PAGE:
Mental health and well-being of children and adolescents has been highlighted as an increasing concern by policy makers, educators and health-care professionals. The focus of well-being interventions delivered in schools has been so far mostly on physical health (such as diet and nutrition) rather than on mental health. One of the main reasons for this is a lack of clarity regarding determinants of mental well-being and limited understanding of developmental trajectories of well-being and their evaluation. This PhD project builds on previous work in Dr Dorjee’s lab and particularly her latest theoretical research on the core determinants of well-being development (Dorjee, 2017; Dorjee, in prep.; also see https://theconversation.com/schools-need-to-teach-pupils-skills-to-maintain-good-mental-health-heres-how-95885). One of the two core determinants is the metacognitive self-regulatory capacity (MSRC). The MSRC enables us to notice thoughts, feelings etc. in our mind and to effectively manage these in support of our well-being (Dorjee, in prep.). The MSRC involves metacognition, attention control, emotion regulation and regulation of negative rumination. Previous research on related psychological constructs shows that self-regulation and self-control (involving metacognition, attention control and emotion regulation) in childhood predict health in adulthood (e.g., Moffitt et al., 2010). We also know that negative rumination is strongly associated with psychopathology (Nolen-Hoeksema et al., 2008).
Dorjee, D. (2016). Defining contemplative science: The metacognitive self-regulatory capacity of the mind, context of meditation practice and modes of existential awareness. Frontiers in Psychology, 7, 1788.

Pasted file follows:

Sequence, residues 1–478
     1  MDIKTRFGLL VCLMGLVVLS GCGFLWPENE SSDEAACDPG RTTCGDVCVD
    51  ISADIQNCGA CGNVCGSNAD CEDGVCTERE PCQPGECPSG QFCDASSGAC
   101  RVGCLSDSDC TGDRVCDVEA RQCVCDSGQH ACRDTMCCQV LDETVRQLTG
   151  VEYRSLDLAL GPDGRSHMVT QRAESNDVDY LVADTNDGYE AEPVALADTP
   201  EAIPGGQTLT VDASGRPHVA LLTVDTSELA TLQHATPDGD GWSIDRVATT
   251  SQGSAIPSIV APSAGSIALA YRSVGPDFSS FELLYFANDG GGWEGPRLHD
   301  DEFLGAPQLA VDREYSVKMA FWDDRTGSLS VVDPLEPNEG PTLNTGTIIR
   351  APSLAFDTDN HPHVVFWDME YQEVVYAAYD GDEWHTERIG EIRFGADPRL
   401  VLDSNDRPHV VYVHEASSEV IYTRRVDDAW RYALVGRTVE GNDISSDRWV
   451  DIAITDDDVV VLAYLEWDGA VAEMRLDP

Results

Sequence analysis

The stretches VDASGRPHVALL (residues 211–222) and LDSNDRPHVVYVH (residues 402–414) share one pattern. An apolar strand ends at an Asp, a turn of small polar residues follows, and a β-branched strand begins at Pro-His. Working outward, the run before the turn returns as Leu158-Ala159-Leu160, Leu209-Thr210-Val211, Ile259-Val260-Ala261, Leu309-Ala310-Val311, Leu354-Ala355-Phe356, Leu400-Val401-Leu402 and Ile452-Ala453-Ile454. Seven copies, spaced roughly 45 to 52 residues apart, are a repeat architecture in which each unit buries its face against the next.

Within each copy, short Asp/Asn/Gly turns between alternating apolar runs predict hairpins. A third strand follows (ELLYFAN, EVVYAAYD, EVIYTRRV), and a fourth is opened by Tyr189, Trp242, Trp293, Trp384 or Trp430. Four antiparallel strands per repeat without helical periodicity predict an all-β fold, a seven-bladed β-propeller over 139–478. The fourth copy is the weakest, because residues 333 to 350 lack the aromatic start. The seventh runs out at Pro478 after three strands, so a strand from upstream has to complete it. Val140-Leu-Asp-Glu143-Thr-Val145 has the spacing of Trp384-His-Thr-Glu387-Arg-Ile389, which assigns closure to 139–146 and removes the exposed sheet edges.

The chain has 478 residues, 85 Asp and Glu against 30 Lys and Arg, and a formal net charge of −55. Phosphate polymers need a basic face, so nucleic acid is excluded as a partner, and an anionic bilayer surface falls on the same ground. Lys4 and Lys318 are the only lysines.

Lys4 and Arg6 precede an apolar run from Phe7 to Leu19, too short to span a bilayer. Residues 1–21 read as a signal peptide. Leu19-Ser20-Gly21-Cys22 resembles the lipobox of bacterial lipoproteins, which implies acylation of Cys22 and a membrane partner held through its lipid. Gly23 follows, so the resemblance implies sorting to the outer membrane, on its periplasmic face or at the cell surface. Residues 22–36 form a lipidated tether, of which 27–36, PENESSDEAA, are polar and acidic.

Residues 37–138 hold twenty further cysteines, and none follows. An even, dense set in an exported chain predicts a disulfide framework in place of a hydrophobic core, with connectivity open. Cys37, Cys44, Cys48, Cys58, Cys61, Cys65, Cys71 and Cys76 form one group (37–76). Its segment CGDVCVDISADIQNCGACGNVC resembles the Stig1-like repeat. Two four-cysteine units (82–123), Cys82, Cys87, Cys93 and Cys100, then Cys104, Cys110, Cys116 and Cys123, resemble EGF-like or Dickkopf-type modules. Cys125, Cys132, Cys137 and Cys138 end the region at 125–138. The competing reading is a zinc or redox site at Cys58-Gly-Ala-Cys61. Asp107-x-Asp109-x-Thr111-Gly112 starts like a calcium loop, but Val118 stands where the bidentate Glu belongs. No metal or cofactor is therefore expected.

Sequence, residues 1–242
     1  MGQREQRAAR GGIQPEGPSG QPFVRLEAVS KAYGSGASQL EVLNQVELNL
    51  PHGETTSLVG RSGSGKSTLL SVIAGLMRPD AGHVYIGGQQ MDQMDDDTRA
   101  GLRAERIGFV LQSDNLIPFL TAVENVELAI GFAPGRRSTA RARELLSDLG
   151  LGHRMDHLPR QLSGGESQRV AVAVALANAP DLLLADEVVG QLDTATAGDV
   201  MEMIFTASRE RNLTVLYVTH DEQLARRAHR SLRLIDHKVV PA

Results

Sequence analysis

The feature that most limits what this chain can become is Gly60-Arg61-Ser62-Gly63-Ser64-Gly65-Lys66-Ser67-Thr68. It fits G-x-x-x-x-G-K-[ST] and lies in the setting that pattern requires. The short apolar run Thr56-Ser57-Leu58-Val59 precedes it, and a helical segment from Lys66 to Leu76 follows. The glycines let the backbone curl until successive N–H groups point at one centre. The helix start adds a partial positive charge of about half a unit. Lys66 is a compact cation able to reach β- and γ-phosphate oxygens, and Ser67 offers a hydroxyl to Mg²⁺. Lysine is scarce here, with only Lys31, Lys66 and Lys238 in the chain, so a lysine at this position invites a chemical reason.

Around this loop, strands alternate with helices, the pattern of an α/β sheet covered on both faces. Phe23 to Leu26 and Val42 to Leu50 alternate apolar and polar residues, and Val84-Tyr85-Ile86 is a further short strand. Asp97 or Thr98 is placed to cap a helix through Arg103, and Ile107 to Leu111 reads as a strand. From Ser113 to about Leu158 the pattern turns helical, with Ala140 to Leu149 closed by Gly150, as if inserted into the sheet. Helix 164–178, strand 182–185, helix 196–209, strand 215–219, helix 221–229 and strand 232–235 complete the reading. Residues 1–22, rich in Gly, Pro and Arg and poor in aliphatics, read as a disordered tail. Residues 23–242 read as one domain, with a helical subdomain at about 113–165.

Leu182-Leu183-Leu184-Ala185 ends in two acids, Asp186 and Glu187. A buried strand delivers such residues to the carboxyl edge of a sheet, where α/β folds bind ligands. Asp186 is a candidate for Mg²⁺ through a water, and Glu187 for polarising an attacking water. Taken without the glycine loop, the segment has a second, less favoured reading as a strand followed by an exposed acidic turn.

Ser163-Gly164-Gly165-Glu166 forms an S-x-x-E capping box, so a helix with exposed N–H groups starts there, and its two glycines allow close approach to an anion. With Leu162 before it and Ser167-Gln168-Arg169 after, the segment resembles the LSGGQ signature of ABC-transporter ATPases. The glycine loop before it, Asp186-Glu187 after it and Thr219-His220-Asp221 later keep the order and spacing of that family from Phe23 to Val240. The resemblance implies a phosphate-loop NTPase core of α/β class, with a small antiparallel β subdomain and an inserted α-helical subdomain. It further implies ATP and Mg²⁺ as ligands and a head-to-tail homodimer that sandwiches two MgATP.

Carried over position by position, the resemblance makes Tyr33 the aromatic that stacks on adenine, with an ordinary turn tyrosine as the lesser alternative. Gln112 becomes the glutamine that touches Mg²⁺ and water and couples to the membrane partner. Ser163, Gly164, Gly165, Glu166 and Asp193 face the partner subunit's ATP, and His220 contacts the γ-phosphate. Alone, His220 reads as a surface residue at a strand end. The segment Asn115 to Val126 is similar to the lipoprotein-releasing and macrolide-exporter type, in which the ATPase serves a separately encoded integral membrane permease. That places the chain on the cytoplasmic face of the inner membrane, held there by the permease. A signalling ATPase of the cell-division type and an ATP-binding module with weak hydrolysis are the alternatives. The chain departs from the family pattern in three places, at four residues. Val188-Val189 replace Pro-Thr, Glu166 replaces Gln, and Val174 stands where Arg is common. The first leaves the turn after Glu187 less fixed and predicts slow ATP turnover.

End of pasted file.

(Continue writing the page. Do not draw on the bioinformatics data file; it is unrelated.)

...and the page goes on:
Dorjee, D. (2017). Psychology and Neuroscience of Meditation in Everyday Life. London, UK: Routledge. (Chapter 1)
Dorjee, D. (2018, September 5). Schools need to teach pupils skills to maintain good mental health – here’s how. The Conversation. Retrieved from https://theconversation.com/schools-need-to-teach-pupils-skills-to-maintain-good-mental-health-heres-how-95885
Kaunhoven, R. J., & Dorjee, D. (2017). How does mindfulness modulate self-regulation in pre-adolescent children? An integrative neurocognitive review. Neuroscience & Biobehavioral Reviews, 74, 163-184.
Moffitt, T. E., Arseneault, L., Belsky, D., Dickson, N., Hancox, R. J., Harrington, H., ... & Sears, M. R. (2011). A gradient of childhood self-control predicts health, wealth, and public safety. Proceedings of the National Academy of Sciences, 108(7), 2693-2698.
Pandey, A., Hale, D., Das, S., Goddings, A. L., Blakemore, S. J., & Viner, R. M. (2018). Effectiveness of universal self-regulation–based interventions in children and adolescents: a systematic review and meta-analysis. JAMA pediatrics, 172(6), 566-575.
The aim of this project is to contribute to our understanding of how the metacognitive self-regulatory capacity develops in children or adolescents and how it relates to their mental health and overall well-being. There is scope for the project to be extended to include other unique angles such as the relationship between the development of the MSCR, well-being and academic performance. The PhD student can choose, in discussion with the supervisor, the particular child or adolescent age-group she/he would like to work with in the project.
This will be a longitudinal project that will use a new self-report measure of the metacognitive self-regulatory capacity which is part of the Comprehensive Cognitive Well-being Inventory for children and adolescents (CCWI-CA) development by Dr. Dorjee. In addition, the project will use one or two of the following methods – experiential sampling, EEG/ERP methods, HRV assessments or innovative qualitative assessments in which children/adolescents self-interpret their narratives. The final selection of the methods will be decided in discussion with the supervisor and will also depend on the PhD student’s research training and experience. It is expected that the PhD student will have strong quantitative research skills.